Just over a week ago, Kansas State opened campus for the fall semester. As expected, cases in the Riley County area began to rise, but the university continues to dodge questions and concerns students are posing about the situation. Instead, they’ve provided students with vague guidelines and irresolute outlines on the gating criteria for what feels like an unavoidable return to online classes.
K-State needs not only to take responsibility for its actions, but to show up for its students and provide them with transparency, ample information and well-thought out plans.
The university brought students back to campus in the middle of a global pandemic without direct guidance, risking the health and lives of students, faculty, staff and community members.
Students traveled to Manhattan from around the world, and with some of them came COVID-19. Those living in dorms weren’t given the chance to isolate themselves for two weeks: residence halls opened a week prior to the start of the fall semester, and many students didn’t begin to move in until the weekend before classes started.
This is a prime example of poor planning.
It is easy to say “wear a mask” and “wash your hands” to students, but difficult to enforce those rules. It is also hard to convince students to isolate or quarantine when they know their grades may be on the line.
Riley County’s COVID-19 positive case count increased by over 100 cases since school began. In the first week of classes, 63 positive cases are associated with the university.
Additionally, Riley County identified a fraternity as the source of an outbreak. While the university is unaffiliated with Greek life, the members are still K-State students. K-State is responsible for bringing those students back to Manhattan, and as a consequence, they contracted the virus.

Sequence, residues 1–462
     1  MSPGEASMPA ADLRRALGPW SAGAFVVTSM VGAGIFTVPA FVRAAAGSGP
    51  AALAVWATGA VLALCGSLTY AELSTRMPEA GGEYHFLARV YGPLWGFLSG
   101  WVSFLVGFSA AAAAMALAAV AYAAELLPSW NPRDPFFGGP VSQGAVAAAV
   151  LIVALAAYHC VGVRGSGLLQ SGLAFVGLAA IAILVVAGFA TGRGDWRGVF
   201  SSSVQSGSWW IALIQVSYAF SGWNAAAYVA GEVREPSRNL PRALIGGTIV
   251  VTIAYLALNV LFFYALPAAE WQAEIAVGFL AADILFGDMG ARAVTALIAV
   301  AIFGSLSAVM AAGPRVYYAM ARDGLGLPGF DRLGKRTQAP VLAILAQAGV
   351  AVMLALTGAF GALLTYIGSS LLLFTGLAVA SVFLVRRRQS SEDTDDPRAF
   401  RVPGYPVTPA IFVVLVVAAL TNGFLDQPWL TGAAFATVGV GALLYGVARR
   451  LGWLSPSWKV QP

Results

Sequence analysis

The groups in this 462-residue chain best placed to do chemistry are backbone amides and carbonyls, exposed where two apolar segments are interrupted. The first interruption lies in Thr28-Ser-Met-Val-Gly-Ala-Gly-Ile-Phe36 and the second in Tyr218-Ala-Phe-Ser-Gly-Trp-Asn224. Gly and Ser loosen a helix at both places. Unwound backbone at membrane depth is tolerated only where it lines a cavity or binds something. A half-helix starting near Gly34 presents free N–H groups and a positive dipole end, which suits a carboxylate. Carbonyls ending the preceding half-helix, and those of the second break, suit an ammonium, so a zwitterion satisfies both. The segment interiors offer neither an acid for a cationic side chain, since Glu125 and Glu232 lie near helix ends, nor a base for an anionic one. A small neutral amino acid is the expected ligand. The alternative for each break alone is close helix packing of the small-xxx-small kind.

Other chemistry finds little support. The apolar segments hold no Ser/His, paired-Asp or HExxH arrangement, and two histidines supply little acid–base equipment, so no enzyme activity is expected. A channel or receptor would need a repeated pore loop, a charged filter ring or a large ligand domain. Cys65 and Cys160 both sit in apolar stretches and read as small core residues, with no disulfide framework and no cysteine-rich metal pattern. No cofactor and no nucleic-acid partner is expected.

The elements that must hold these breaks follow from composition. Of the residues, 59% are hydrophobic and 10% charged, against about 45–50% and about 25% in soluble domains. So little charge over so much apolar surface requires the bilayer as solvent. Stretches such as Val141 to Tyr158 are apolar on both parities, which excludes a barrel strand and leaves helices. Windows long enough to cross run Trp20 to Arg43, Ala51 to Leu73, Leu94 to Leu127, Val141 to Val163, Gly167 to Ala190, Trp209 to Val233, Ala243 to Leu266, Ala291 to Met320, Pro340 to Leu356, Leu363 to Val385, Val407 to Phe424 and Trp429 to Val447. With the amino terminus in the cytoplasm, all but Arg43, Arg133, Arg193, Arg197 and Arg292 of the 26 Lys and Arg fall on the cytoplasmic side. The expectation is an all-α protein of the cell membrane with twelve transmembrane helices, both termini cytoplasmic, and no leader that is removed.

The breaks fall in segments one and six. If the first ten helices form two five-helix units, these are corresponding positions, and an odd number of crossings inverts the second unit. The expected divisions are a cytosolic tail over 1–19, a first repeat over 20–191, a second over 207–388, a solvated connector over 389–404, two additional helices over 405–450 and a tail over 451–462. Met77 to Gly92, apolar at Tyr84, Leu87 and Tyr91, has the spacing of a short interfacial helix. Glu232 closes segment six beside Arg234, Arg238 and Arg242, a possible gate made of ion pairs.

Wearing a face covering is required in all shared spaces on campus, but students can be seen walking about in groups with no masks. Signage and education is great, but how can the university expect students to follow rules that aren’t enforced?
In addition, those rules are only limited to campus. Students venture off campus to party, eat and socialize. When students return to campus, COVID-19 returns with them.
The health department ordered O’Malley’s and O’Malley’s Alley to close for multiple ordinance violations, but the bar reopened a few short days later. House parties can be seen around campus all weekend. Nothing will stop students from going to bars, house parties or other off-campus events.
All these issues could easily be resolved with clear guidance from the university. K-State must provide clear guidance on testing, isolation, quarantine and mask wearing, as well as transparency regarding positive COVID-19 tests to help students and the university in the long run.
The views and opinions expressed in this editorial are those of the Collegian editorial board. Please send comments to email@example.com.